METEO 413 -- Weather Map Analysis

Spring 2014 Instructor: Bill Syrett, 606C Walker, 865-6172 Tuesdays and Thursdays 8:00-9:15 607 Walker (Weather Station Classroom)

METEO 413  -- Weather Map Analysis

Spring 2014

Instructor: Bill Syrett, 606C Walker, 865-6172

Tuesdays and Thursdays 8:00-9:15, 607 Walker (Weather Station Classroom)

Office Hours:

W 7am-10am & by Appointment

Analysis of actual surface weather observations, with emphasis on the Norwegian cyclone model, missing or bad data, and mesoscale phenomena.”

Prerequisite: METEO 411, This is an Elective Course, No Textbook

Students who do not meet these prerequisites may be dis-enrolled during the first 10-day free add-drop period after being informed in writing by the instructor (see:  http://www.psu.edu/dept/oue/aappm/C-5.html). If you have not completed the listed prerequisites, then promptly consult with the instructor if you have not done so already.  Students who re-enroll after being dis-enrolled according to this policy are in violation of Item 15 on the Student Code of Conduct (http://studentaffairs.psu.edu/conduct/codeofconduct/).

Academic Integrity Policy:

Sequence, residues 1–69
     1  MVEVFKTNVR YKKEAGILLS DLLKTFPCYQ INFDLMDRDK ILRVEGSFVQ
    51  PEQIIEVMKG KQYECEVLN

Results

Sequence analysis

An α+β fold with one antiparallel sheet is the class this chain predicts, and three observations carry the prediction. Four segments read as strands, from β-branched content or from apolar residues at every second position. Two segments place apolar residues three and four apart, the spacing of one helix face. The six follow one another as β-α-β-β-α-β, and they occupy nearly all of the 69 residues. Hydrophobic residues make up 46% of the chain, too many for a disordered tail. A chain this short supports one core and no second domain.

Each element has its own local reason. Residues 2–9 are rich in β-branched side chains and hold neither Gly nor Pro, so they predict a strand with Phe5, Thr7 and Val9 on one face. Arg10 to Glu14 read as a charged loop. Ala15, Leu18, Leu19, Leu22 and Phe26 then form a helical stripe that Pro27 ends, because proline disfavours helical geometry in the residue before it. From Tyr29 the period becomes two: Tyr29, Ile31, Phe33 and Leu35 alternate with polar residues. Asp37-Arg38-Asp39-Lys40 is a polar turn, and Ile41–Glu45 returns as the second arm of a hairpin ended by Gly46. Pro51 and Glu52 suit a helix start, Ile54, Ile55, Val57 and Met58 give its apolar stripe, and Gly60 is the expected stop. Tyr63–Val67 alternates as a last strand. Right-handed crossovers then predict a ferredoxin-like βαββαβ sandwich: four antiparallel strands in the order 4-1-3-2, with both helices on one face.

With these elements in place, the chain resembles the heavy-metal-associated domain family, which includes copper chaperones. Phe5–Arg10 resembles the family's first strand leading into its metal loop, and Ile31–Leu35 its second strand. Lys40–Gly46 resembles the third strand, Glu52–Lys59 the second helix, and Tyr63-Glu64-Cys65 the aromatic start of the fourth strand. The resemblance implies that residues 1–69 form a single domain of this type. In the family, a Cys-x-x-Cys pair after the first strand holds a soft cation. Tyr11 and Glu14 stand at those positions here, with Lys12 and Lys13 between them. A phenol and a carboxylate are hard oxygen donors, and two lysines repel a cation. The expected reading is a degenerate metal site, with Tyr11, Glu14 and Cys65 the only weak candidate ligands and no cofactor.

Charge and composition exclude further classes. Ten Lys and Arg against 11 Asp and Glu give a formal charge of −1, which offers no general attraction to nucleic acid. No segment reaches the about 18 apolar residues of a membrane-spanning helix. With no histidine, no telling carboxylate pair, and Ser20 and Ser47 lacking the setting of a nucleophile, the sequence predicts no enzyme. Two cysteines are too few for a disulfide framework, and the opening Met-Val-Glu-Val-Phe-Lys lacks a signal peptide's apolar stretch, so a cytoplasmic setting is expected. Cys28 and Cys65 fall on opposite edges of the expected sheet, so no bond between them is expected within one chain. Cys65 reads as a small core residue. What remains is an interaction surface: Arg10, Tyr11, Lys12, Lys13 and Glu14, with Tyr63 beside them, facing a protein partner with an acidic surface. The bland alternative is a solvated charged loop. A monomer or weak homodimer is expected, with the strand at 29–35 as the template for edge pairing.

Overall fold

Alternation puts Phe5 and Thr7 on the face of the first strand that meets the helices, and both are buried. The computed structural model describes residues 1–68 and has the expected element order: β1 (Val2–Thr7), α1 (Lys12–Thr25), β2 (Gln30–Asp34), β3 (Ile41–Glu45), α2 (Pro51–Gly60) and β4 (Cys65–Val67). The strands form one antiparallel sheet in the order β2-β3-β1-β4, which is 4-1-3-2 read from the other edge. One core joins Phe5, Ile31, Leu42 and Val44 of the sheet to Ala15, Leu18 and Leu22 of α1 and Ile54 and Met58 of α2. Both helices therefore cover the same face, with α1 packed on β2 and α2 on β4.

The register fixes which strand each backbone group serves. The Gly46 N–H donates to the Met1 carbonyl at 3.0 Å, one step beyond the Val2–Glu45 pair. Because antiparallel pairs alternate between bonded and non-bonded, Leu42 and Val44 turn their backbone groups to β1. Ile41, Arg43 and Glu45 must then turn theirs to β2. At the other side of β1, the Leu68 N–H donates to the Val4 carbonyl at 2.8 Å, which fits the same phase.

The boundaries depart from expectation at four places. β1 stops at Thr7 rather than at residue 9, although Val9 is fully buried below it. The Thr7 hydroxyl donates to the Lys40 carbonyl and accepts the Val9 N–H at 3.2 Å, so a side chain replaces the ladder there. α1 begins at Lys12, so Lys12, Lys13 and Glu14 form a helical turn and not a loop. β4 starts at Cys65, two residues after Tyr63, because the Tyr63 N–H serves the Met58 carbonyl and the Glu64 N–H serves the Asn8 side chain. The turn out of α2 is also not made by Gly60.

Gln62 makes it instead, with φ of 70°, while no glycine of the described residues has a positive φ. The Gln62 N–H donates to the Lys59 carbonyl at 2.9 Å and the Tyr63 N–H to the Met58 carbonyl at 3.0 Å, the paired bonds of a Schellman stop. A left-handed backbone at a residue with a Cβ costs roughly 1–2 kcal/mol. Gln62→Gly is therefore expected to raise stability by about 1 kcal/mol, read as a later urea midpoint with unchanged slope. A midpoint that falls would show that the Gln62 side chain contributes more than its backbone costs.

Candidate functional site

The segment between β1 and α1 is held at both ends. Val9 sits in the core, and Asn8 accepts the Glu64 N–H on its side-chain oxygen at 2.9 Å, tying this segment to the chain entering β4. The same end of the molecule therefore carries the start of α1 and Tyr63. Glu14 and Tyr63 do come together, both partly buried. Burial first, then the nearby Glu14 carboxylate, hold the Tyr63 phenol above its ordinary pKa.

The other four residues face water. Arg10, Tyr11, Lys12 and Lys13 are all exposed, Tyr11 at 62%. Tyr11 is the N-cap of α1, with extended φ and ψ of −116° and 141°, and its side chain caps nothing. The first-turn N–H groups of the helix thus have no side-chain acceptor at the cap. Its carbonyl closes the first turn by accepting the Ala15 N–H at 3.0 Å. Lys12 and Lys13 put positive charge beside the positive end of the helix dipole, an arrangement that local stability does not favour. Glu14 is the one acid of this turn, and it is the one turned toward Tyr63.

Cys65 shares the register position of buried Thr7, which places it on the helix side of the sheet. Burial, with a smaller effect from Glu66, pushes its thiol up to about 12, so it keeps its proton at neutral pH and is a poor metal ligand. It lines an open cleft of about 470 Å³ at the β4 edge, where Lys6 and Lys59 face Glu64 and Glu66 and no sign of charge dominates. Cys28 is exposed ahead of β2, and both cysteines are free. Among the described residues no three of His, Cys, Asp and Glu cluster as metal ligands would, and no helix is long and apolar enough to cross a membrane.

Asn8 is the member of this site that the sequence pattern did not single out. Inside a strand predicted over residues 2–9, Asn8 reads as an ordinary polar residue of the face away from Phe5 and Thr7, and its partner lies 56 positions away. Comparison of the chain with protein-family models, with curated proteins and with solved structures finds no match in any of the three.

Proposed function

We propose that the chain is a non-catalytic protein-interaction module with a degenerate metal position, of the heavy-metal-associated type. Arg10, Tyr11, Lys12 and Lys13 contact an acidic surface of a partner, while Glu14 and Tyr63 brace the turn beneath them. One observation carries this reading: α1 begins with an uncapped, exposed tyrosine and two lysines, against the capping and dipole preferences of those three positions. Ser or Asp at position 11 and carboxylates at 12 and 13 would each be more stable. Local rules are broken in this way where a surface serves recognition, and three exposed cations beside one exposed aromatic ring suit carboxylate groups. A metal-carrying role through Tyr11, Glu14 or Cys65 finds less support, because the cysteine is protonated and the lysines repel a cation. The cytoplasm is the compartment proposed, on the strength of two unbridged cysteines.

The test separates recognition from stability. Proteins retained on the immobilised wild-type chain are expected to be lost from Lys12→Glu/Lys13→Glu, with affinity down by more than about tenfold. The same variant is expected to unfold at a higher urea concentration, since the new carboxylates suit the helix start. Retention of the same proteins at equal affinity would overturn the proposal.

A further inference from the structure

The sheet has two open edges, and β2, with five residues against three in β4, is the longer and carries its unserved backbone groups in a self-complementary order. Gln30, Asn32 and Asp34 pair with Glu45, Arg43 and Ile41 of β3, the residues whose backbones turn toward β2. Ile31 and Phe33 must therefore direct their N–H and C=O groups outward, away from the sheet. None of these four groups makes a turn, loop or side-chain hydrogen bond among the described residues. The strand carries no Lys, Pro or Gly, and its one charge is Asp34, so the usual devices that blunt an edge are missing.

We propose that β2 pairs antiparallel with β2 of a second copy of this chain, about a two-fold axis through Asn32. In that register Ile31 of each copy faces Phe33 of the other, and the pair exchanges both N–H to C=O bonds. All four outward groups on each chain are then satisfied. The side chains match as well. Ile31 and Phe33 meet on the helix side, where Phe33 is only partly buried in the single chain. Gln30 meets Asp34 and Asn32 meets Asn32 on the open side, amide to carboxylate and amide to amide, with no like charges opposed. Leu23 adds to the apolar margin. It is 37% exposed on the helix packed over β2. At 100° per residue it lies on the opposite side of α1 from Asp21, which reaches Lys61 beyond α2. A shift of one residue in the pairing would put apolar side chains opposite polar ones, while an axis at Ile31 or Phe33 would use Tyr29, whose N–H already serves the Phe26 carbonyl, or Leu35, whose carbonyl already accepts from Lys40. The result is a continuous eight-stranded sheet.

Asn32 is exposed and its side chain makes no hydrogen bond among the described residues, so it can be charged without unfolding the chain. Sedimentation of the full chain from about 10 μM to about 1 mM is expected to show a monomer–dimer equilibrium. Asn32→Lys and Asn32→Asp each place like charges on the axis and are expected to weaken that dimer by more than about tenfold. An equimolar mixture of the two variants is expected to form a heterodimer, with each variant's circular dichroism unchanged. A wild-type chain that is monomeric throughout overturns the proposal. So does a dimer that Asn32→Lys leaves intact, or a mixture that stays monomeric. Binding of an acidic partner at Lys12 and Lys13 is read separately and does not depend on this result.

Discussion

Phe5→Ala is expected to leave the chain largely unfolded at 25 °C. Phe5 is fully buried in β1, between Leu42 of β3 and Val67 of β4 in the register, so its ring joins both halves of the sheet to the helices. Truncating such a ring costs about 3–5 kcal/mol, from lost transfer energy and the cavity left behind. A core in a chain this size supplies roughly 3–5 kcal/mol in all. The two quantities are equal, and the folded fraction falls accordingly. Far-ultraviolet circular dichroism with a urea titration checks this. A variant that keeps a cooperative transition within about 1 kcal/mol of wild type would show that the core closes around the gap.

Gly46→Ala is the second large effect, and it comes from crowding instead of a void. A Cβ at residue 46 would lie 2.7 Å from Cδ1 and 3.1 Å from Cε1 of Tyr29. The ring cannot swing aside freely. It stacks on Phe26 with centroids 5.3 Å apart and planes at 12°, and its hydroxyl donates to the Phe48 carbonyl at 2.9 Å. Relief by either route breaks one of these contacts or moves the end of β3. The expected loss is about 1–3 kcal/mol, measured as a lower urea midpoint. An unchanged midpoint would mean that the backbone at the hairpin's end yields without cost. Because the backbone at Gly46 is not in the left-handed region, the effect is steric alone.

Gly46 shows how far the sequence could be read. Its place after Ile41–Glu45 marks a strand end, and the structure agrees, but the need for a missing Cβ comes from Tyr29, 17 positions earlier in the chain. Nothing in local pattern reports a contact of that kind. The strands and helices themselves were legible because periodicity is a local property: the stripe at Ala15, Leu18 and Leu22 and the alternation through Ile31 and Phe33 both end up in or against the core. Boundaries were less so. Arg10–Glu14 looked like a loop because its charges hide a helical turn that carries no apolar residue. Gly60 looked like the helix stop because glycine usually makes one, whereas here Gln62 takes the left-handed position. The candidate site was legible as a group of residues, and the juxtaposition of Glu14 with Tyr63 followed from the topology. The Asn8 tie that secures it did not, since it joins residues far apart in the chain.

http://www.ems.psu.edu/current_undergrad_students/academics/integrity_policy

Students with Disabilities:

The Office of Disability Services (http://equity.psu.edu/ods/) requests and maintains disability-related documents; certifies eligibility for services; determines academic adjustments, auxiliary aids, and/or services; and develops plans for the provision of academic adjustments, auxiliary aids, and/or services as mandated under Title II of the ADA Amendments Act (ADAAA) of 2008 and Section 504 of the Rehabilitation Act of 1973.  A list of these services is provided at http://equity.psu.edu/ods/current-students.

*** Maps (assigned Tuesdays) are due FRIDAYS at 11:00 am ***

Tuesday classes will generally consist of a detailed review of the week's assignment with (hopefully) lots of discussion. The review will then usually be followed by a brief lecture concerned with expanding upon what you've learned and preparing you for the next map.  The review and lecture will usually not take more than an hour, leaving the rest of the time for starting the next assignment.  I recommend you use the time to get started and ask any questions that you may have, and it would be helpful if you bring colored pencils to class, please.  You are encouraged to develop your analysis skills independently. Class participation will be used to decide "borderline" grades.  Tardiness or absence will negatively affect your grade.

No less than 2/3 of your grade will be determined by your performance on 14 surface analysis cases that will consist of one or more maps covering different parts of the Northern Hemisphere, usually the United States, where the highest resolution and quality data can be found, and where many of you will likely find employment!  You'll be graded on how well you follow the Norwegian Cyclone Model, the quality of your isopleths, detail and neatness.  There is no curve, grades will follow 90-80-70 standard.